Bread and Wine (novel)
|This article needs additional citations for verification. (January 2013) (Learn how and when to remove this template message)|
|Original title||Brot und Wein|
Published in English
Bread and Wine is an anti-fascist and anti-Stalinist novel written by Ignazio Silone. It was finished while the author was in exile from Benito Mussolini's Italy. It was first published in 1936 in a German language edition in Switzerland as Brot und Wein, and in an English translation in London later the same year. An Italian version, Pane e vino, did not appear until 1937.
After the war, Silone completely revised the text, publishing a significantly different version in Italy (in 1955), reversing the title: Vino e pane (‘Wine and Bread’). This updated version is also available in English translation.
Pietro Spina is a young revolutionary who is being sought by authorities. He takes on the disguise of an old priest known as Don Paolo Spada.
Pietro lives in Abruzzo, in village of Pietrasecca (Marsica), and is forced to pretend to be a priest, to avoid arousing suspicion. The fascist police is on his trail, and Pietro has only a few friends to rely on. Meanwhile, the young man is in contact with the sad reality of ignorant peasants of the village of Pietrasecca: he realizes that to make a revolution against fascism is always more difficult, because the problem of the revolution is at its own root. In Abruzzo there are many backward countries as Pietrasecca, where the laws of nature and the peasants are inviolable. Meanwhile, Pietro Spina falls in love with a girl, but can not reveal his true identity...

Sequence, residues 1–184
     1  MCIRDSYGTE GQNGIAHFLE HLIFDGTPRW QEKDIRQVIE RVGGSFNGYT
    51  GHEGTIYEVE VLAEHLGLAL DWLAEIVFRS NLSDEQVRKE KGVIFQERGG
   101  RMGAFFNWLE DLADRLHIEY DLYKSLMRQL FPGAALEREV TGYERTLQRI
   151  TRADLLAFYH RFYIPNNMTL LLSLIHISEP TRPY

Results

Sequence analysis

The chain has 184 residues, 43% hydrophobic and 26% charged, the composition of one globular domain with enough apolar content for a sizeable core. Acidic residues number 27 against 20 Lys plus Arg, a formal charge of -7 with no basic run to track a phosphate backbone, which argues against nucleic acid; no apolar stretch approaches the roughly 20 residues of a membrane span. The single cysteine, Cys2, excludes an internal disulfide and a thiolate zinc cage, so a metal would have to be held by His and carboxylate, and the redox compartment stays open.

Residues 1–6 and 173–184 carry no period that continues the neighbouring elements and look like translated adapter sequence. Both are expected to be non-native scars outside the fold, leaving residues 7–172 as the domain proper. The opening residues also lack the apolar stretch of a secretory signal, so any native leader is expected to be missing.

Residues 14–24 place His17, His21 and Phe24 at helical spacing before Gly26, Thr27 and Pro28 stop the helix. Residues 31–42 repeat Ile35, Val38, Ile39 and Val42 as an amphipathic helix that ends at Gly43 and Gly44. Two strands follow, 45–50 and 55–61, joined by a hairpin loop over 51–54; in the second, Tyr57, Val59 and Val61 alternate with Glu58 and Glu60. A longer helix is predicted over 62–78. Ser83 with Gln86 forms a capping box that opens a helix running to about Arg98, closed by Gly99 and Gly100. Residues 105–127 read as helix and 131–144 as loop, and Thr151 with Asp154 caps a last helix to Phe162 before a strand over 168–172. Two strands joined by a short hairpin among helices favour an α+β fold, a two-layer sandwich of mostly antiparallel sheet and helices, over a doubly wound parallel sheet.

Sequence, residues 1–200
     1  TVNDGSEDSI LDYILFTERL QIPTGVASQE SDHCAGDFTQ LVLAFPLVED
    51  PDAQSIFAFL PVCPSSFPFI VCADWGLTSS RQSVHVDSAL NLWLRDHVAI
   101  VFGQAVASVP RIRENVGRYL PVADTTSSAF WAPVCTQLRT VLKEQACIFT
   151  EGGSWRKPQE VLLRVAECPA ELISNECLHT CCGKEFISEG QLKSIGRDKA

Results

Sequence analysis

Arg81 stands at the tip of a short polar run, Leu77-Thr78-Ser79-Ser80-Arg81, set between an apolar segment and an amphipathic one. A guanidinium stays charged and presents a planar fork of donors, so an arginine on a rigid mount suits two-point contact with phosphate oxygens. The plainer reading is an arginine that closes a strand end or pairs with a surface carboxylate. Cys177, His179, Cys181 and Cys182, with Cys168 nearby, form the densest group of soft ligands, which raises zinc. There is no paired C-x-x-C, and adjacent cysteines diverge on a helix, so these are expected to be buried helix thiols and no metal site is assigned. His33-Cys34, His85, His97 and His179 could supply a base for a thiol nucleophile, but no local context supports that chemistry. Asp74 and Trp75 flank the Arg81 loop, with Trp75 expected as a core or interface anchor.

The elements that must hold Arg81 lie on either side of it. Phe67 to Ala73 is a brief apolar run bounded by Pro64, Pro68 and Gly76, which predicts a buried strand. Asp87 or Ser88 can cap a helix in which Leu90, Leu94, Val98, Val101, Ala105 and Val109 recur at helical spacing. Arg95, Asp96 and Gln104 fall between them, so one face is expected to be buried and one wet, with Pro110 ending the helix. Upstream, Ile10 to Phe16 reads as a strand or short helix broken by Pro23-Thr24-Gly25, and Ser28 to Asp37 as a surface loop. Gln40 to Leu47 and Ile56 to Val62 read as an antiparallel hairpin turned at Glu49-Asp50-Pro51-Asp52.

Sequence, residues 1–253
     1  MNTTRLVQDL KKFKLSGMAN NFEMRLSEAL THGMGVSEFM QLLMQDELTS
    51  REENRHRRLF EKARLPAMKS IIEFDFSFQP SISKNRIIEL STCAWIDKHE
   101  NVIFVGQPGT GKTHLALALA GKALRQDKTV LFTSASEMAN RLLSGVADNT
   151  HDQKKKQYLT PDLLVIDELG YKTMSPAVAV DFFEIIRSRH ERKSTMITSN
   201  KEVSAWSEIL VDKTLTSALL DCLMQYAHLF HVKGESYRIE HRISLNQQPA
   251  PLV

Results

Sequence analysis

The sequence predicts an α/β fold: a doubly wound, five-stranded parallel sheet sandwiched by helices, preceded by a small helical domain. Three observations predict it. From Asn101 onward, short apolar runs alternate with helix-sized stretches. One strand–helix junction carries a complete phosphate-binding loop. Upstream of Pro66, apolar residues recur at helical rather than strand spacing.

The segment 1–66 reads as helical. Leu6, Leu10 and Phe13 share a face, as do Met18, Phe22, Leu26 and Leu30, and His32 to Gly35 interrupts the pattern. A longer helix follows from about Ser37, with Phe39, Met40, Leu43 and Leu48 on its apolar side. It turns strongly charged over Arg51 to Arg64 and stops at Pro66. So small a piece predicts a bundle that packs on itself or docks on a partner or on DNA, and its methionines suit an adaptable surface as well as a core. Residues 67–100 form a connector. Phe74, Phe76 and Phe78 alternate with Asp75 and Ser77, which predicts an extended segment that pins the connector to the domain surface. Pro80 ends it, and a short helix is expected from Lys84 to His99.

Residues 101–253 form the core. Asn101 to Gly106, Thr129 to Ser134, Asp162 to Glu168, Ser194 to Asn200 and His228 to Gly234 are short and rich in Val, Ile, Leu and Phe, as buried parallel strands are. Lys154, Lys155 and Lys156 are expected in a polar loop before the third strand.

German communist composer Hanns Eisler used Bread and Wine for seven cantatas, written in 1937, while he was staying with Bertolt Brecht in his Danish exile in Svendborg, despite Silone being excommunicated from the official communist movement, and the Second Moscow Trial just taking place. Eisler did not use Silone's text verbally, but extracted his poetry from Silone's prose. When the scores of these cantatas were published in the 1950s in East Germany, Eisler dated their creation to the year 1935, although the novel had been published only in 1936.
Notes and references
- Hanns Eisler's seven cantatas (suites of two to four songs, for solo voice and instruments): * Die Römische Kantate, opus 60; * Kantate im Exil (Man lebt von einem Tag zu dem andern), opus 62; * Kantate "Nein" (Kantate im Exil No. 2); * Kantate auf den Tod eines Genossen, opus 64; * Kriegskantate, opus 65; * Die den Mund auf hatten; * Die Weißbrotkantate
|This article about a 1930s novel is a stub. You can help Wikipedia by expanding it.
See guidelines for writing about novels. Further suggestions might be found on the article's talk page.